• Probate doesn't need to happen on the money from your policy. Probate is a legal process and it confirms an executor’s authority to deal with your assets and possessions. Probate needs to be granted before any money is paid out and this is sometimes a lengthy process, especially if there’s no will in place.
  • Payouts can be faster. Life insurance money held in trust doesn't need to go through probate. This means the time it takes to make payments to your beneficiaries should be quicker than if you don’t have a policy in trust.
  • The main disadvantage of putting a life insurance in trust is that it can be difficult to make changes once it's set up.

When your life insurance policy is written in trust it technically is then owned by the trustees. This means it's not straightforward - and sometimes not possible - to make changes to the life insurance policy after this point. Your insurer should give you information about this when you put it into trust. Before you make a commitment, make sure you read all the terms and conditions and understand how changes can be made.

When you buy a new life insurance policy you usually have the option by your insurer to put the policy in trust. You can usually do this straight away or you can do it at a later date by completing a life insurance trust form.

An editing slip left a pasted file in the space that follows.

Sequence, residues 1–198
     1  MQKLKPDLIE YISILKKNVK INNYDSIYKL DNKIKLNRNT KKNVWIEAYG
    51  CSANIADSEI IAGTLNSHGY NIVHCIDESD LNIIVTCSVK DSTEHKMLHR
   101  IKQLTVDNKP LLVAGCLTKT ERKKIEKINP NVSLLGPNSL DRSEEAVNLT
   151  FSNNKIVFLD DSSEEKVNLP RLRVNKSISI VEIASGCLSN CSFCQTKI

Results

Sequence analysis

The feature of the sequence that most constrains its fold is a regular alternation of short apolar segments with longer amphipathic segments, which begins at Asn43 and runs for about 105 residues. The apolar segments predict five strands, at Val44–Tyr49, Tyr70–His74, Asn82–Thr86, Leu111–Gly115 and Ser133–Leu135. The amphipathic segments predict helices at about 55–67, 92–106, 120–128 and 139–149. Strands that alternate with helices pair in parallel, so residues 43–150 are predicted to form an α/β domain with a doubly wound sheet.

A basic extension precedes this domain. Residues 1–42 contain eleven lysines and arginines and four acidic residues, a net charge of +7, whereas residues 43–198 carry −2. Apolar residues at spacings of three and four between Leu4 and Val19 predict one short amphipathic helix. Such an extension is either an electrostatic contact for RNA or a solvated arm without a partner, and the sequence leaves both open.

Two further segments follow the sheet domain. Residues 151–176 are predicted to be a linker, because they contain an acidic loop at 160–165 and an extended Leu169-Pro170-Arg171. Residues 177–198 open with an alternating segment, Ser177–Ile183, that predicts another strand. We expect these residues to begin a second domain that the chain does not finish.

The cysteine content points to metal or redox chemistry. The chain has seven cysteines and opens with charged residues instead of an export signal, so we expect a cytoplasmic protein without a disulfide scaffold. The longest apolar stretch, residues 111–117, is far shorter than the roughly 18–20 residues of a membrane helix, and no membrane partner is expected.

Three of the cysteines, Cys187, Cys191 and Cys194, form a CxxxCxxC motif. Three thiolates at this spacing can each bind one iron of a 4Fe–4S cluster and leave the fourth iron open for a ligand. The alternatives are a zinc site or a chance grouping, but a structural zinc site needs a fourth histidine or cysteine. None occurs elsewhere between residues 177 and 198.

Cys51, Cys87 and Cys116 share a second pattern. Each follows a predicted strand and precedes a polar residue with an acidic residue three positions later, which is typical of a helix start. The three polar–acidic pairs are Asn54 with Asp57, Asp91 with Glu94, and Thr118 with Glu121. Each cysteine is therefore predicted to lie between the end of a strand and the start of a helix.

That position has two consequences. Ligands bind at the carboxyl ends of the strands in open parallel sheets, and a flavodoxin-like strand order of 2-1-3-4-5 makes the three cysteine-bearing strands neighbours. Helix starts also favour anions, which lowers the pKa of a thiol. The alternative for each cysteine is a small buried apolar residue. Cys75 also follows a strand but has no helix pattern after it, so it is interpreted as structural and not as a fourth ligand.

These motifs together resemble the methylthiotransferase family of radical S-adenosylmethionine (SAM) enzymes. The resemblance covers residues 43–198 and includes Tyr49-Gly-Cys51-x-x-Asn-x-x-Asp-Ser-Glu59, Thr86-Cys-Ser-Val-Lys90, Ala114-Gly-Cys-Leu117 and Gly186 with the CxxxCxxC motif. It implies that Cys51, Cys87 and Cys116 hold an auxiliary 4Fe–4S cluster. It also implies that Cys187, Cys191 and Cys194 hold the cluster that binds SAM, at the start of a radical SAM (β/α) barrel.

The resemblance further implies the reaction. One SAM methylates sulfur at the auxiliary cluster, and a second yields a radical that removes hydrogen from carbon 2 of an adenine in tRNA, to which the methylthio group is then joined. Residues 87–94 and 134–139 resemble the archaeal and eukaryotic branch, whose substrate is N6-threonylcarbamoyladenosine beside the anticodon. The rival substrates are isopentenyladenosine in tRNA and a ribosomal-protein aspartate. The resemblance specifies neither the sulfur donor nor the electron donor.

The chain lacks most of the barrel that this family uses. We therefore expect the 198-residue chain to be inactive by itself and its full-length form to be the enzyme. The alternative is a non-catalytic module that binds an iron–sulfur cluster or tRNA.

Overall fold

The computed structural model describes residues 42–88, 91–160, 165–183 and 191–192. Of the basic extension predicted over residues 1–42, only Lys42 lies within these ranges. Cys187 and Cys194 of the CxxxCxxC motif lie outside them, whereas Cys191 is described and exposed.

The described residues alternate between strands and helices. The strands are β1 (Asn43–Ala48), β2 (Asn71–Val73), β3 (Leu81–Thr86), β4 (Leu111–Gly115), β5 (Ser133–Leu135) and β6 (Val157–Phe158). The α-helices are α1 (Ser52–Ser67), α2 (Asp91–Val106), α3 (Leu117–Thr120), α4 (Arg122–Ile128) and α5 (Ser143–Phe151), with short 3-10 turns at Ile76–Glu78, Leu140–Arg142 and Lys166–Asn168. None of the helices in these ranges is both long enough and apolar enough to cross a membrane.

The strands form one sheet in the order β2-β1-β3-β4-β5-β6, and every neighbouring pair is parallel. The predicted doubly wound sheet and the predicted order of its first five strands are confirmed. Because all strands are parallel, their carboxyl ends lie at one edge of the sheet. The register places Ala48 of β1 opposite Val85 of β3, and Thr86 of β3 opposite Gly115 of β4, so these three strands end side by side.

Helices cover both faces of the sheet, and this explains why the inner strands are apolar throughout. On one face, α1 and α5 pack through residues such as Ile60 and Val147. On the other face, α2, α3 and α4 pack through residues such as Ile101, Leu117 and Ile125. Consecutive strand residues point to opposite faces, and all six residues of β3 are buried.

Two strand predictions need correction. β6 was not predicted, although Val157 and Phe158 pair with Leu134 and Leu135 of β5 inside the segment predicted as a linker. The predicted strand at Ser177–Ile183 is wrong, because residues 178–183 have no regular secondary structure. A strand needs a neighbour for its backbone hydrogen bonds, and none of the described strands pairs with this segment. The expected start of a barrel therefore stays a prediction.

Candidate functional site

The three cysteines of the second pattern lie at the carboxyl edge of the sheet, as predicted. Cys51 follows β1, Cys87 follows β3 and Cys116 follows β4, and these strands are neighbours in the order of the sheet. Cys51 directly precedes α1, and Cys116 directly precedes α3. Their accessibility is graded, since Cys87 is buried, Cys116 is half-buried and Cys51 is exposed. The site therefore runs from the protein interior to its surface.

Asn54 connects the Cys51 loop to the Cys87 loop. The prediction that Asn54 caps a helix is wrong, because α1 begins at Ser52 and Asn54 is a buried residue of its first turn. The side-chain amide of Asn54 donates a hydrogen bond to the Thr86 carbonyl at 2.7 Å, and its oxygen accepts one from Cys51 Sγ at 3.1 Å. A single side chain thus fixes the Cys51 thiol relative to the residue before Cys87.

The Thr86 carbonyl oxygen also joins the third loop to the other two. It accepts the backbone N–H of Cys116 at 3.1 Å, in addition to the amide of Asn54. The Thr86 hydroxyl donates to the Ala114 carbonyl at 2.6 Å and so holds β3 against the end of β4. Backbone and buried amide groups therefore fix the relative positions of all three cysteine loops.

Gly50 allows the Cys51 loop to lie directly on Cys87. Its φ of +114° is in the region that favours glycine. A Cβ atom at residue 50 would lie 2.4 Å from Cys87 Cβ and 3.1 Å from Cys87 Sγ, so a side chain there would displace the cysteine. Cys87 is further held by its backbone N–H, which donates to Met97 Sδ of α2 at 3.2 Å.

If you have a policy and want to put it into trust, you might need to speak to, and pay for, help from a solicitor for this to happen.

How long does it take to get the money from a life insurance policy in trust?

The timeframe for a payout from a life insurance claim in trust depends on the situation of the death and how complicated the policy is. If there are lots of beneficiaries or there are complications around the death this could be a lengthy process. You should be given an indication of when the money will be paid out by a solicitor after the death.

How old do you have to be to access money from a trust?

If a trust has been set up for a child, they usually can’t access this money until they turn 18. However, the person who set up the trust can set a specific age for when they can access the money. Until they turn 18, you should appoint a guardian to manage the money, if this is what you want.

How long does a trust last?

Legally a trust can last 125 years, but you can determine how long you want it to last when you set it up. It’s more common to keep your policy in trust while you need it, such as while you’re paying off a mortgage or have young children.

It's worth considering. Married couples and those in a civil partnership are automatically given legal rights including those around death. When one dies, the other should automatically inherit their money and assets, even if a will isn’t in place. They can also share their inheritance tax allowance.

This isn’t the case for those who live together - also called cohabiting couples. These couples have no automatic claim over a life insurance policy not written in trust, or a partner’s estate if they’re not specifically mentioned in a will.

For these couples, putting a policy in trust means they can name the person they want their money to go to. They also avoid inheritance tax being due on this part of their money.